So, everyone knows that Mars is really far away, right? Right now, it takes months to travel the vast distance, but one scientist thinks there is a way to cut that down to half an hour. This wild idea belongs to Philip Lubin, a researcher at the University of California at Santa Barbara’s Experimental Cosmology Group. His theory involves firing a laser at a tiny unmanned spacecraft to help it achieve much faster travel speeds, but there’s a lot more to the story. The current concepts for interstellar travel at insane speeds don’t include any plans to stop.

nasa, mars, space travel, speed of space travel, laser propulsion, Philip Lubin, solar sails, speed of light, DE-STAR

The concept of using laser propulsion to speed up interstellar travel emerged last year as Lubin worked on NASA’s Innovative Advanced Concepts (NIAC) program. He suggests that a tiny unmanned spacecraft with a one-meter laser sail, which he named DE-STAR (Directed Energy System for Targeting of Asteroids and ExplorRation), could be propelled by aiming a powerful laser at its sail while still in Earth orbit. Doing so, Lubin believes, would accelerate the craft to a significant fraction of the speed of light.

Related: NASA developing laser system that could increase space speed communication by a factor of 100

Lubin’s theory starts with cutting down the time it takes to travel the equivalent distance to Mars to a few days, down from several months, but he thinks it may be possible to refine the technology and eventually reduce that time to 30 minutes. “As an example, on the eventual upper end, a full scale DE-STAR 4 (50-70 GW) will propel a wafer scale spacecraft with a one meter laser sail to about 26 percent the speed of light in about 10 minutes, reach Mars (1 AU [astronomical unit, the Earth-Sun distance]) in 30 minutes, pass Voyager 1 in less than 3 days, pass 1,000 AU in 12 days and reach Alpha Centauri in about 15 years,” Lubin wrote in a paper titled “A Roadmap to Interstellar Flight,” which was published last year.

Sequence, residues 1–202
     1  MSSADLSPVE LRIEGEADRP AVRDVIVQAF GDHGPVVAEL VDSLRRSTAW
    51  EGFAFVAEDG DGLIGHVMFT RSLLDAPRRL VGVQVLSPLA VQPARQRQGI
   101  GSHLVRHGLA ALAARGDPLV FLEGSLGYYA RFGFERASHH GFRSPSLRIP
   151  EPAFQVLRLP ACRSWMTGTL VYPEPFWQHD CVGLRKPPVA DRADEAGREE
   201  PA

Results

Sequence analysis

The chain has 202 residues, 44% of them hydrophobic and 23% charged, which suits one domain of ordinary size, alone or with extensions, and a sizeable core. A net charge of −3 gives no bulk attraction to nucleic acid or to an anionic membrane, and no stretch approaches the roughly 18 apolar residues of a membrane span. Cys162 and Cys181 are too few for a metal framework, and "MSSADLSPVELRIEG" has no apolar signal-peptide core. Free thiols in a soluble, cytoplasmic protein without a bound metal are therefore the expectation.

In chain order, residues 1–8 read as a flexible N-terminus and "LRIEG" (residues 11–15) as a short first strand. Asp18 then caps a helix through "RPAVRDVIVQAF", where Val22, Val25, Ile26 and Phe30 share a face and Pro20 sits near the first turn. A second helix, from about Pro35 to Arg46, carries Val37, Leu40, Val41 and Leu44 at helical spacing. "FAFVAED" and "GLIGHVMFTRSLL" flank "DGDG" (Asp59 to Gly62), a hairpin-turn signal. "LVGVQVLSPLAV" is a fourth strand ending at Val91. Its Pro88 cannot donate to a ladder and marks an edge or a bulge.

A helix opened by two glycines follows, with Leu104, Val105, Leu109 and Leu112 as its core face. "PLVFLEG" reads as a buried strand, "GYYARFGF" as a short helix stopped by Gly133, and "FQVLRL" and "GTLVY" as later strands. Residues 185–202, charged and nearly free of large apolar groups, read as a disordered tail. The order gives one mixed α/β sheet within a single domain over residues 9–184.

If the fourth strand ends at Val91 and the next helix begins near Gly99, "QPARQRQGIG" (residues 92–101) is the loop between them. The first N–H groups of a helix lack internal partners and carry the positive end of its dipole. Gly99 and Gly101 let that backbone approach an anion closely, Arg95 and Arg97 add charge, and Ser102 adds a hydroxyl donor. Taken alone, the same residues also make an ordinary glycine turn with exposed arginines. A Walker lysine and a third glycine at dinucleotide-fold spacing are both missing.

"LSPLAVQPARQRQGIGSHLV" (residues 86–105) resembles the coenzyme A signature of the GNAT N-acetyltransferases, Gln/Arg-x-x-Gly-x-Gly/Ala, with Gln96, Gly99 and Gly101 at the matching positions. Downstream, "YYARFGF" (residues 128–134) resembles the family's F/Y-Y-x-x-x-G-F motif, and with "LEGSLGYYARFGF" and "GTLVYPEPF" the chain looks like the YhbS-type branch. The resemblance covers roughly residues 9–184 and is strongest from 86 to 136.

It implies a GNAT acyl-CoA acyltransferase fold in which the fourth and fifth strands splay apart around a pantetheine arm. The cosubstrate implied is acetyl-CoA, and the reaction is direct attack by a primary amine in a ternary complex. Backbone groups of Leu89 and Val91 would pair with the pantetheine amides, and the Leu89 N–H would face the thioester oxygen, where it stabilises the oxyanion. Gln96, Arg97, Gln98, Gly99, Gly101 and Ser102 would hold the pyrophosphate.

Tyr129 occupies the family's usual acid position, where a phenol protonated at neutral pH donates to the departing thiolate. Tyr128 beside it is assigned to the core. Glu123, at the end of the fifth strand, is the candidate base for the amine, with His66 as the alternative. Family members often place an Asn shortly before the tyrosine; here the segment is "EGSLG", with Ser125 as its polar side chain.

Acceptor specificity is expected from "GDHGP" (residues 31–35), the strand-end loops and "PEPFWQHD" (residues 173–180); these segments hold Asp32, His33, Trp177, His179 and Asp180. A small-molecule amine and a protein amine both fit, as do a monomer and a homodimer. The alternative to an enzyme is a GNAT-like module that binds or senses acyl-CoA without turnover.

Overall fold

Inhabitat contacted Lubin for further clarification. He says that, because the laser propulsion system described here doesn’t have brakes, there would need to be another way to make the craft stop. “This could be in the form of an ion engine that we power remotely from the main laser on the Earth (this is what we refer to as a beamed power mode) or could be chemical in nature, ” Lubin told Inhabitat. “But if chemical, you will typically need a lot of chemical propellant. The other option is to carry an eject-able mirror that shines light back from the Earth based laser somewhat like the reverse thruster on a jet after landing.”

So, there are some of the possibilities that researchers are looking into for the long-term applications of laser-propelled interstellar flight. Another option, Lubin says, is to build another laser in orbit around the desired destination, “and then ‘ping-pong’ the spacecraft” in order to make it possible for it to land, whether that’s on Mars or on another planet. Although this is a possibility, it’s a bit far-fetched at the moment because the construction of a second laser system would be an enormous project, to say the least.

+ UC Santa Barbara Experimental Cosmology Group

Via IFL Science

Image via NASA